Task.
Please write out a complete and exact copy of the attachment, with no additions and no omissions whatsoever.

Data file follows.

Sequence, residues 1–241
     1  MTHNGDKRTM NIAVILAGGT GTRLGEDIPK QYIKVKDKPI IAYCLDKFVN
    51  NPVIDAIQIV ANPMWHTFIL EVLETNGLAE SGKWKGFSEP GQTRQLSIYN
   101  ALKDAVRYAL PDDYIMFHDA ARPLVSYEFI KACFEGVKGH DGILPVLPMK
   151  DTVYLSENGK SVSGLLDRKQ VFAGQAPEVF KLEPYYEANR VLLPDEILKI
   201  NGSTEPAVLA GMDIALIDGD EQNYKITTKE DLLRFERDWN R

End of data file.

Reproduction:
Sequence, residues 1–241
     1  MTHNGDKRTM NIAVILAGGT GTRLGEDIPK QYIKVKDKPI IAYCLDKFVN
    51  NPVIDAIQIV ANPMWHTFIL EVLETNGLAE SGKWKGFSEP GQTRQLSIYN
   101  ALKDAVRYAL PDDYIMFHDA ARPLVSYEFI KACFEGVKGH DGILPVLPMK
   151  DTVYLSENGK SVSGLLDRKQ VFAGQAPEVF KLEPYYEANR VLLPDEILKI
   201  NGSTEPAVLA GMDIALIDGD EQNYKITTKE DLLRFERDWN R